(Snorra Edda I,Gylfaginning , ch. 14, p. 66) Hörr is the name given to one of the dwarves, which leads one to believe the plant wight names are those ‘dwarves’ the life under the earth. Our ancestors would have been mystified still before the age of science of how plants and herbs grew, their rituals and beliefs demonstrate this. If this herb was known as Horr, but also as Hampr or Lin, this suggests they named it according to its use or its parts and character, like the tradition of the Gods and Goddesses having multiple names or Heiti. If one could think Horr was the underground part or indwelling spirit within and underneath the plant, and hampr as the hemp fibres strung out of the stalks, and lin as another product, perhaps the finished item.


Empathy with animals, alive and dead. Sensory highs. Wode and inspiration. Communication with the Fetch or Hamr. Higher appreciation for music. Tolerance of discomfort and decrease in pain.


With inhaled through a pipe of wood, bone, stone or glass, let smoke billow inside the mouth in a deep exhale, this can be seen as the Ond, rising from the lowers hvels of the Lik, into the higher hvels. The ganfer, or wind, makes passage along the central axis, and is held in the throat. Exhaling the breath, letting the Ond drift back into the world outside you.

The book will be free as a pdf, and then you can pay what you want for it, if you think it’s good enough.



“drugs” of the Vikings: book excerpt 2

I’ll phase out the initiatory speech, as I have already talked about the book, and not here to blow it out of proportion but it’s been a few months more of production on this manifesto, and i’m ready to slice up another preview. The other info is here Mind Expansion. I don’t care if you buy it when I self release it, just keep an open mind about it, and tell your tribe, your friends, or your grandpa.

Lighting Up

If the Vikings did learn the art of smoking, what part of the world did they yearn the practice from? There are not clear ‘Viking pipes’ but many many tools that resemble pipes or could be used as smoking apparatuses. What did they use to smoke their herbs? Were these a form of social ritual? What did they smoke if so?These questions only supply soft answers because of the rarity to almost nil accounts of smoking use in the North. We would imagine they might have use the most realistic natural objects that they had access to; hollowed out bones, ram and other livestock horns, rolled leaves. One can picture an eleventh century wayfarer perhaps collecting some nightshade plants in his or her pouch and smoking them through one end of a goat horn like a pipe. But traditionally seen in the North, especially Finland is the communal fire sitting, in which the tribe would sit around. If there were any local plants making medicinal smoke, they would have picked up on it, and of course been privy to it’s effects. The burning of the Cannabis or Sage plants for instance.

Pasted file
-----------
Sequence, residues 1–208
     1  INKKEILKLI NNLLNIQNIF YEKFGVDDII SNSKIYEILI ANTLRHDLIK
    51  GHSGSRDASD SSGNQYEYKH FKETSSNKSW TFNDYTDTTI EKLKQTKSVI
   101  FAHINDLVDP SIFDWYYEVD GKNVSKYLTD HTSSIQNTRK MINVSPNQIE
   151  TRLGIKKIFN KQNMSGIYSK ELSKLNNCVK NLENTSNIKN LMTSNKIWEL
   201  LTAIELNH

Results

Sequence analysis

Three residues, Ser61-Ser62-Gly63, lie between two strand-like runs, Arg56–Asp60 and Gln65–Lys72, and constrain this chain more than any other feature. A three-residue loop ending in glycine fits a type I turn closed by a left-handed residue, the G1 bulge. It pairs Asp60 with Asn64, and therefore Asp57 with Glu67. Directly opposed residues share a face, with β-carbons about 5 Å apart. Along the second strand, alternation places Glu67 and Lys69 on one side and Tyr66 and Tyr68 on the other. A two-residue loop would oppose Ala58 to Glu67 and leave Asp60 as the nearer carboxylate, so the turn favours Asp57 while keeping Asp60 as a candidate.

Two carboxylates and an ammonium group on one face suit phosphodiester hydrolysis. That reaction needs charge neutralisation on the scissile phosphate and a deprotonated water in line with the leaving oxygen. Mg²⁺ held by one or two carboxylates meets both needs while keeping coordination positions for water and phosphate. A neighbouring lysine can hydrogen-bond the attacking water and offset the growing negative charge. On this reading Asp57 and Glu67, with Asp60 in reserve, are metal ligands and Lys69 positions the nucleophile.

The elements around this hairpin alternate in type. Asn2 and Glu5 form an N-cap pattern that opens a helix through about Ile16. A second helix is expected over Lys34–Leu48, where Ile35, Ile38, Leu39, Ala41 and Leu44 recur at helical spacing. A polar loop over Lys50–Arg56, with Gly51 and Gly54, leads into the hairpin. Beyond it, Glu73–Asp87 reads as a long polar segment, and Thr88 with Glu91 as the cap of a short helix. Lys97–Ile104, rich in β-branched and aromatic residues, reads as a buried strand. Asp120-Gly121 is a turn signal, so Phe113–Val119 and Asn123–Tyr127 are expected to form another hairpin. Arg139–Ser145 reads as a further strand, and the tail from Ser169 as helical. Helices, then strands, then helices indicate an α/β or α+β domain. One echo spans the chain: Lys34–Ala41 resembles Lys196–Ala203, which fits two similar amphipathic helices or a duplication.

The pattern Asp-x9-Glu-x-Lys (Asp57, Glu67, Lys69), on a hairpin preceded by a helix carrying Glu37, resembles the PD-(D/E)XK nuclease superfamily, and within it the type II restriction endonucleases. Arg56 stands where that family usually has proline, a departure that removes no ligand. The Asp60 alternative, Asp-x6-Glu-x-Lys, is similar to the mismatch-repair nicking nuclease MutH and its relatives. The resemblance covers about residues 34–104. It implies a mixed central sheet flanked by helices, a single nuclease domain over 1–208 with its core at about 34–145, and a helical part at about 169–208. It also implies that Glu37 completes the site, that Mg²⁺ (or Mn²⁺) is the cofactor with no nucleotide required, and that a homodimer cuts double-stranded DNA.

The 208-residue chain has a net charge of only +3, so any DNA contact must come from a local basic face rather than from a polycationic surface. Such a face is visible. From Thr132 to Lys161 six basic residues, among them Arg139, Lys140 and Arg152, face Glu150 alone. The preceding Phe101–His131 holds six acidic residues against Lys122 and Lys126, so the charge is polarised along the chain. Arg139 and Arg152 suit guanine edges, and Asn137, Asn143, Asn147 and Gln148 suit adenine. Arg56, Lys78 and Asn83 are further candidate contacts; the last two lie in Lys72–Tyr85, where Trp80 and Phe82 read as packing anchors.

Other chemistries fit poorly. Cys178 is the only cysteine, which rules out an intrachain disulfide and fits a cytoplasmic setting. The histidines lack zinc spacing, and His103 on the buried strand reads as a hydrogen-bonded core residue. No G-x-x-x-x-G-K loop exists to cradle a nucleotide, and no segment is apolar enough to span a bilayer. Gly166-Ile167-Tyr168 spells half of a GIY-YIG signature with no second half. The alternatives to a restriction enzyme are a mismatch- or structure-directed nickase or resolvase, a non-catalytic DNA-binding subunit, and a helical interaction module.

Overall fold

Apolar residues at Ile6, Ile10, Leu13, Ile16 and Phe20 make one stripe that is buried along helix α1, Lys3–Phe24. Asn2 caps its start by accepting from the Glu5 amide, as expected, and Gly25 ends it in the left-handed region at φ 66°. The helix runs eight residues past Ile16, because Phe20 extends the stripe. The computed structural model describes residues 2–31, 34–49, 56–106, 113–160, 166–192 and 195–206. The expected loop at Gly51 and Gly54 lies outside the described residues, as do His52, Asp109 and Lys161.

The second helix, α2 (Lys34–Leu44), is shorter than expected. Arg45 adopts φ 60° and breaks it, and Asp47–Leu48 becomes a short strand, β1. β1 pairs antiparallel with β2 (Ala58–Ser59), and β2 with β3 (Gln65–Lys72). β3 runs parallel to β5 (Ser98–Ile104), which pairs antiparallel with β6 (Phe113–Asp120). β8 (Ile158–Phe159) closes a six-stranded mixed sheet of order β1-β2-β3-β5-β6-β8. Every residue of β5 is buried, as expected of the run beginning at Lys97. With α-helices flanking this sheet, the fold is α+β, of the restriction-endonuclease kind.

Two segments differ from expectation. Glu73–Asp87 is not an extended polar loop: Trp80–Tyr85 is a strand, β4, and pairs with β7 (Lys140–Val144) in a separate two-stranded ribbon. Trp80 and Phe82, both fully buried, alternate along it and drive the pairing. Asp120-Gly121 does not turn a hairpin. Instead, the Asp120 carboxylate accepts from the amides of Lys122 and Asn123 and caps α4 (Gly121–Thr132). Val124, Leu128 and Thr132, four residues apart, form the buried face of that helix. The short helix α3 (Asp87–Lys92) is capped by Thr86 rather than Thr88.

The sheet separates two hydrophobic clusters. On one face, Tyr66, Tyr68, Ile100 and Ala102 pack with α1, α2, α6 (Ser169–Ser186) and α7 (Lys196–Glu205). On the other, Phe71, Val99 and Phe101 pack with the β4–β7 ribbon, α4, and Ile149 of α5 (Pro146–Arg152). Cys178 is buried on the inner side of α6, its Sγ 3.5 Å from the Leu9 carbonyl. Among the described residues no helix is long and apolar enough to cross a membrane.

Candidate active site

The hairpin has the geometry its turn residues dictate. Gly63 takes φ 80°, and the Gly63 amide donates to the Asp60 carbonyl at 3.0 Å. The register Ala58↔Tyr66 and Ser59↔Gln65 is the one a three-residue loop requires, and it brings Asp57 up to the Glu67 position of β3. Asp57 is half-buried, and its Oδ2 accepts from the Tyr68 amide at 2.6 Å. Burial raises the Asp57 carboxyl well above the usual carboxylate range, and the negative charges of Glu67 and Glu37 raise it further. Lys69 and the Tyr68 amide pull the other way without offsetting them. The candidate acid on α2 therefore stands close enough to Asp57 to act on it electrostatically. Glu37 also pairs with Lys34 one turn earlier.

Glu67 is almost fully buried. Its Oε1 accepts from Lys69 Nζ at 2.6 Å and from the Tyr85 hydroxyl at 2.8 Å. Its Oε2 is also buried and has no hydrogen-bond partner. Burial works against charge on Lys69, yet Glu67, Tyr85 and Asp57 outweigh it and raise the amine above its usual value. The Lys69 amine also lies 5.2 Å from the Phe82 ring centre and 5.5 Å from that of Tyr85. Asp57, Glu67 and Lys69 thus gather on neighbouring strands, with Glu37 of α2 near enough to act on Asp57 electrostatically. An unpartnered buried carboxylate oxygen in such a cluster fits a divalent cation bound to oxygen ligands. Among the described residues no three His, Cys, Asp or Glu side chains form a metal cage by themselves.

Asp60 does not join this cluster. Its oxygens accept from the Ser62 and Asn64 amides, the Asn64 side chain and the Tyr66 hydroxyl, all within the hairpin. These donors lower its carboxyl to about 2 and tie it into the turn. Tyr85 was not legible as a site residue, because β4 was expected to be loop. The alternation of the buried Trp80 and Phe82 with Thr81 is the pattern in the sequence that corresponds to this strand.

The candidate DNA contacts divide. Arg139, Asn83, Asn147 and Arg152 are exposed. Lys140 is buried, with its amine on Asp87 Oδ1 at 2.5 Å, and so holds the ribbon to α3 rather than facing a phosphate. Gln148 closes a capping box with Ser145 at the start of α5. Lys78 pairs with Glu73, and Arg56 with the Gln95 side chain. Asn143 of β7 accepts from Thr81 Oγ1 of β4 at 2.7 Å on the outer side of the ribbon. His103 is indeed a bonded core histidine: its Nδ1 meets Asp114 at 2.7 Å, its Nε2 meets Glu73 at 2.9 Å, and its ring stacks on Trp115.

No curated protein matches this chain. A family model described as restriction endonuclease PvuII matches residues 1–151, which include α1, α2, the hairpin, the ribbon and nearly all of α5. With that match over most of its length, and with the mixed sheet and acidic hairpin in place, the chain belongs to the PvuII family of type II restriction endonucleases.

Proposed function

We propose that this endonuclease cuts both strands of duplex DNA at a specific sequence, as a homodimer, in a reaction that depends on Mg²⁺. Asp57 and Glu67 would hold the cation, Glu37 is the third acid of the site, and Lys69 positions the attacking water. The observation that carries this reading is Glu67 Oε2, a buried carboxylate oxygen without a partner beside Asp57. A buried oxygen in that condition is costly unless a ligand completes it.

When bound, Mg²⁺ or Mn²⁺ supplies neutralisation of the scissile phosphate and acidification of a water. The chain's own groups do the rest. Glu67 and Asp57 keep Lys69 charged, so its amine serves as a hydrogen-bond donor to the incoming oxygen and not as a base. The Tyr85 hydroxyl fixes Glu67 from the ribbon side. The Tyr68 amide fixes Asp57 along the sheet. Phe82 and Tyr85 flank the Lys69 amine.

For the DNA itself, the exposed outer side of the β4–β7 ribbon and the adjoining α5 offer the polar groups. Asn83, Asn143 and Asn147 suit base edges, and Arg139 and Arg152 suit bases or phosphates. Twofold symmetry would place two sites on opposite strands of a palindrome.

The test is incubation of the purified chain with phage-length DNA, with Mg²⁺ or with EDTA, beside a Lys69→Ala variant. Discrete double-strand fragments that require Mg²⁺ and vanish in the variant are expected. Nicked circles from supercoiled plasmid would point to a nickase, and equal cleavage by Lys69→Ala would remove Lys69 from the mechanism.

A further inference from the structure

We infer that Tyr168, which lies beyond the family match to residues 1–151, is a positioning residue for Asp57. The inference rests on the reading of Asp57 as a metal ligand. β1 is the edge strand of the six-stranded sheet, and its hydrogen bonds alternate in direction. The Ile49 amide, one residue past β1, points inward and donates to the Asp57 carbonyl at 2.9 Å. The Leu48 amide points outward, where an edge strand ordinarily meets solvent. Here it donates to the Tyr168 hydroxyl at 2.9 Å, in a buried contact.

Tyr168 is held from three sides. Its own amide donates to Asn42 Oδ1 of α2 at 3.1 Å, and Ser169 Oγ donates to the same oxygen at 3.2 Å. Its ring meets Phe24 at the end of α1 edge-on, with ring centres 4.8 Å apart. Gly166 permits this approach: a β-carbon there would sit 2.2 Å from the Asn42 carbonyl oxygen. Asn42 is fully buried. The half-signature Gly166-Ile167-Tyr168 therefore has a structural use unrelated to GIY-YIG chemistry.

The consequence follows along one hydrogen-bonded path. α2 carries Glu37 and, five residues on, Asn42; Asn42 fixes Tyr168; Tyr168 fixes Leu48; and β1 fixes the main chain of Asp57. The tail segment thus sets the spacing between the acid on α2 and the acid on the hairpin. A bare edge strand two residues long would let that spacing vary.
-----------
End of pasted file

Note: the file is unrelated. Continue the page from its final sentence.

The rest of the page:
Herbs, plants, mushrooms, and lichens, whether drunk, ingested, rubbed, inhaled, smoked, or salved have been communicators with their own inhabiting spirit for time immemorial. The user who endeavors towards their use is not merely a partaker, but a dedicant of the ally within the substance itself. A communion takes place, where verbal language and understanding is transgressed, and a link with the secretive, runa, of the plant, or fungus is opened up to allow the participant to experience places beyond their own domain, unconscious ‘murkier’ and latent states of the mind, visions and sensual awareness of elves, dwarves, and the Gods and Goddesses themselves. Pictures are revealed which were never discerned before, sounds become audial that others are unable to hear, and the spirit is enlivened to a new partition of the entirely of themSelves. Through the ally of plants one gains a deeper understanding of the sacred and spiritual cosmos.